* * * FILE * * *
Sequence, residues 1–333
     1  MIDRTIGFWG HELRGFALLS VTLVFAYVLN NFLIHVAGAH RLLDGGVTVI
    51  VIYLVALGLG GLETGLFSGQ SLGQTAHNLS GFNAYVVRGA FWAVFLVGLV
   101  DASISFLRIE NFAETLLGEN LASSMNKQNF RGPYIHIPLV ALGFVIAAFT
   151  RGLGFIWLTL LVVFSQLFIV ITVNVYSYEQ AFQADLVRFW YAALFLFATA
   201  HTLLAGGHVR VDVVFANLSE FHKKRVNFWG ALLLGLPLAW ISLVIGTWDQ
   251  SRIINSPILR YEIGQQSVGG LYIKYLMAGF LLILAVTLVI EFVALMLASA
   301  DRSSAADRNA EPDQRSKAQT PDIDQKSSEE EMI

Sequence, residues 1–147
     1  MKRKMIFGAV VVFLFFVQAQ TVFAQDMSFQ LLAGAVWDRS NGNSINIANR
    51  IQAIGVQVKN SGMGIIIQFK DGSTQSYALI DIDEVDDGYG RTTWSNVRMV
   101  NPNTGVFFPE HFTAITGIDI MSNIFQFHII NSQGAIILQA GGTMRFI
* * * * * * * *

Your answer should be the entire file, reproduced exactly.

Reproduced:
Sequence, residues 1–333
     1  MIDRTIGFWG HELRGFALLS VTLVFAYVLN NFLIHVAGAH RLLDGGVTVI
    51  VIYLVALGLG GLETGLFSGQ SLGQTAHNLS GFNAYVVRGA FWAVFLVGLV
   101  DASISFLRIE NFAETLLGEN LASSMNKQNF RGPYIHIPLV ALGFVIAAFT
   151  RGLGFIWLTL LVVFSQLFIV ITVNVYSYEQ AFQADLVRFW YAALFLFATA
   201  HTLLAGGHVR VDVVFANLSE FHKKRVNFWG ALLLGLPLAW ISLVIGTWDQ
   251  SRIINSPILR YEIGQQSVGG LYIKYLMAGF LLILAVTLVI EFVALMLASA
   301  DRSSAADRNA EPDQRSKAQT PDIDQKSSEE EMI

Sequence, residues 1–147
     1  MKRKMIFGAV VVFLFFVQAQ TVFAQDMSFQ LLAGAVWDRS NGNSINIANR
    51  IQAIGVQVKN SGMGIIIQFK DGSTQSYALI DIDEVDDGYG RTTWSNVRMV
   101  NPNTGVFFPE HFTAITGIDI MSNIFQFHII NSQGAIILQA GGTMRFI